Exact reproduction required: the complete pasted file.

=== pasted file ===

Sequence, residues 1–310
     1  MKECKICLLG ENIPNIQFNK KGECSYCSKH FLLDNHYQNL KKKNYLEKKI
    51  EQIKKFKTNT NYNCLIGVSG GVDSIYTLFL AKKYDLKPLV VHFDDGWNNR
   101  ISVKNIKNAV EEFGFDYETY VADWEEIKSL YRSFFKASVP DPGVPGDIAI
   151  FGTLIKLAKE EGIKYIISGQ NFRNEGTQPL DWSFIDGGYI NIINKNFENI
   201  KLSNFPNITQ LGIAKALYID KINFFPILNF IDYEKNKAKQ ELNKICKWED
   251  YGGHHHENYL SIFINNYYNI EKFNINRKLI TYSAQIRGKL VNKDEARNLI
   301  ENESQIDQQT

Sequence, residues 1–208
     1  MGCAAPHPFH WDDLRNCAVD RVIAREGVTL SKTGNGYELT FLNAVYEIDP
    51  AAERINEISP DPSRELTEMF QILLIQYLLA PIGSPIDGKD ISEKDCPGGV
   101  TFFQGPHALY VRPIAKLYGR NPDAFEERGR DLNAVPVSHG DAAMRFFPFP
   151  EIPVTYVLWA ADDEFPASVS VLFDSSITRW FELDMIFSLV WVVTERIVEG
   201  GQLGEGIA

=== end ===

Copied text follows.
Sequence, residues 1–310
     1  MKECKICLLG ENIPNIQFNK KGECSYCSKH FLLDNHYQNL KKKNYLEKKI
    51  EQIKKFKTNT NYNCLIGVSG GVDSIYTLFL AKKYDLKPLV VHFDDGWNNR
   101  ISVKNIKNAV EEFGFDYETY VADWEEIKSL YRSFFKASVP DPGVPGDIAI
   151  FGTLIKLAKE EGIKYIISGQ NFRNEGTQPL DWSFIDGGYI NIINKNFENI
   201  KLSNFPNITQ LGIAKALYID KINFFPILNF IDYEKNKAKQ ELNKICKWED
   251  YGGHHHENYL SIFINNYYNI EKFNINRKLI TYSAQIRGKL VNKDEARNLI
   301  ENESQIDQQT

Sequence, residues 1–208
     1  MGCAAPHPFH WDDLRNCAVD RVIAREGVTL SKTGNGYELT FLNAVYEIDP
    51  AAERINEISP DPSRELTEMF QILLIQYLLA PIGSPIDGKD ISEKDCPGGV
   101  TFFQGPHALY VRPIAKLYGR NPDAFEERGR DLNAVPVSHG DAAMRFFPFP
   151  EIPVTYVLWA ADDEFPASVS VLFDSSITRW FELDMIFSLV WVVTERIVEG
   201  GQLGEGIA